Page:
Firstly, different models and datasets are used to calculate it, he said. Secondly, the reproduction values are "highly location and time dependent."

Experts estimate the figure is currently between R2 to R3, said Russman, but can vary from 1.1 to 11 in unique environments like the confined space of the Diamond Princess cruise ship, said Rossman.

"For example, in Wuhan the estimated R0 was likely around three and then rose to 3.82 in January before falling significantly after lockdown measures were taken," he said.

The number dropped below 1 in the city on February 6, and to 0.3 on March 1, according to a study Rossman cited which was published in the journal JAMA.

"In addition, the measures of R0 varied for many cities around China, ranging from 5.9 in Shenzhen to 0.9 in Beijing. In each of these cities, the public health interventions significantly decreased" the reproduction number.

A further "significant issue" with accurately calculating the R0 is the lack of widespread testing, said Rossman, meaning the majority of mild COVID-19 cases are missed. Complicating matters further is potentially a significant number of infected people who show no or few symptoms, as well as those who have atypical effects like digestive problems, said Rossman.

As a result, similarly to how death rates somewhat misleadingly vary between countries, "estimates of R0 will vary from location to location in ways that do not actually reflect differences in transmission but is just reporting of cases," Rossman explained.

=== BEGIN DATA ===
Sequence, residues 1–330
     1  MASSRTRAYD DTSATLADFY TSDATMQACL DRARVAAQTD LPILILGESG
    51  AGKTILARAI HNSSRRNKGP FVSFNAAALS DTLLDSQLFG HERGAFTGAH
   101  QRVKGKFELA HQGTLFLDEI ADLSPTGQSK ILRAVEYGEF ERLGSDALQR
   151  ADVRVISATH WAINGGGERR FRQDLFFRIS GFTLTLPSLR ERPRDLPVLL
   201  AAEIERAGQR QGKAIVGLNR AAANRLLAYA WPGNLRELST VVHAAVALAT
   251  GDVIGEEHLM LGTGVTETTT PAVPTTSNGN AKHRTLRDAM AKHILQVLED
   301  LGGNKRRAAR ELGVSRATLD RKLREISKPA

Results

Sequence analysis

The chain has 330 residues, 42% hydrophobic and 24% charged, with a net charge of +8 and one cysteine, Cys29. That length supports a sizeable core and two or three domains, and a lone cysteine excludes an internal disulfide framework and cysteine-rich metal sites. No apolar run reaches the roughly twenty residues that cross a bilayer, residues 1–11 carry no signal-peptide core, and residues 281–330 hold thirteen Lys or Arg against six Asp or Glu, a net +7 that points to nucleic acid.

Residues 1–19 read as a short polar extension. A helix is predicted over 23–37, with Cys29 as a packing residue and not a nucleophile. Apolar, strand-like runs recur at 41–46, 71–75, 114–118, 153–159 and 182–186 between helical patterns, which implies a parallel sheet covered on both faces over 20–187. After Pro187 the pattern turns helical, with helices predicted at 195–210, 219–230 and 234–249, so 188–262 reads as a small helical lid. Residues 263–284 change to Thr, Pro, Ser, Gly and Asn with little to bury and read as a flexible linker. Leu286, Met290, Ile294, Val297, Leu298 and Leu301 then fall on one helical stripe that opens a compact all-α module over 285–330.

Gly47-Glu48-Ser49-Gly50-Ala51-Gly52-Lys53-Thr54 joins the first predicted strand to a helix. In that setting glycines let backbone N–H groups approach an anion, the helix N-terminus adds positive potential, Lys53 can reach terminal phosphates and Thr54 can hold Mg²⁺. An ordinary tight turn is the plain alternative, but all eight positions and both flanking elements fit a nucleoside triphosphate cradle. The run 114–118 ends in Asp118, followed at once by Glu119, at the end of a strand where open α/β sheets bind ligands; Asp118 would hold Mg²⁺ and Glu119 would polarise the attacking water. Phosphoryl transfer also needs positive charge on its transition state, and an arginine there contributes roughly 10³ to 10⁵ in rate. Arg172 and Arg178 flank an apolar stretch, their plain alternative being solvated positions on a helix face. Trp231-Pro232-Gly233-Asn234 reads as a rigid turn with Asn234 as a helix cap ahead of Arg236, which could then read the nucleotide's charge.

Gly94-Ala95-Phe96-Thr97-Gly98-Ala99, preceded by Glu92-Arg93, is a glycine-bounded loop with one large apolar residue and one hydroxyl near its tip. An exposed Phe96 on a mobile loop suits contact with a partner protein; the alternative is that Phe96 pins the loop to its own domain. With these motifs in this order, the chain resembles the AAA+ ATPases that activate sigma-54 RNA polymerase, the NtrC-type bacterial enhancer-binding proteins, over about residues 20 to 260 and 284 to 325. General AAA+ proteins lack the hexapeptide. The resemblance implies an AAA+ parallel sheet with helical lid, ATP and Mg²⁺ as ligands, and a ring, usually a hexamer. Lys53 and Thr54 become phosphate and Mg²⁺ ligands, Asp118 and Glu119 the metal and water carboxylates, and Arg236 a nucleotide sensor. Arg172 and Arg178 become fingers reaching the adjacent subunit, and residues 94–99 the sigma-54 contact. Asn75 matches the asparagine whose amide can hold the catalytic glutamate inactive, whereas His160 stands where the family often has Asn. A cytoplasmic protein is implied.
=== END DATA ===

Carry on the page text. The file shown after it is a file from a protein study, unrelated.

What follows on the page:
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A motorist rides past a graffiti painted on a road to raise awareness about COVID-19 in Chennai, India, on April 13, 2020. ARUN SANKAR/AFP via Getty Images

As China relaxes some lockdown measures and other countries hope to soon follow suit, calculations like the reproduction number can help policymakers decide how to proceed.

"Understanding that our aim is to bring the basic reproduction number below one suggests some sensible strategies for controlling the spread of an infectious disease," said Yates.

"When it comes to easing social distancing measures, if we don't want a second peak or flare up then we have to be careful to ensure the reproduction number stays below one," said Yates. "This might mean relaxing certain social distancing measures but not others.

"Alternatively it might mean reducing the number of new cases to nearly zero and then aggressively isolating any new cases and quarantining anyone they have found to be in contact with (contact tracing).

"An alternative strategy might be to completely release all restrictions but to understand that they will need to be brought back as soon as certain trigger points in cases or ICU beds are hit."

Rossman believes we will need some level of continued physical distancing as well as to "significantly scale up our testing and contact tracing.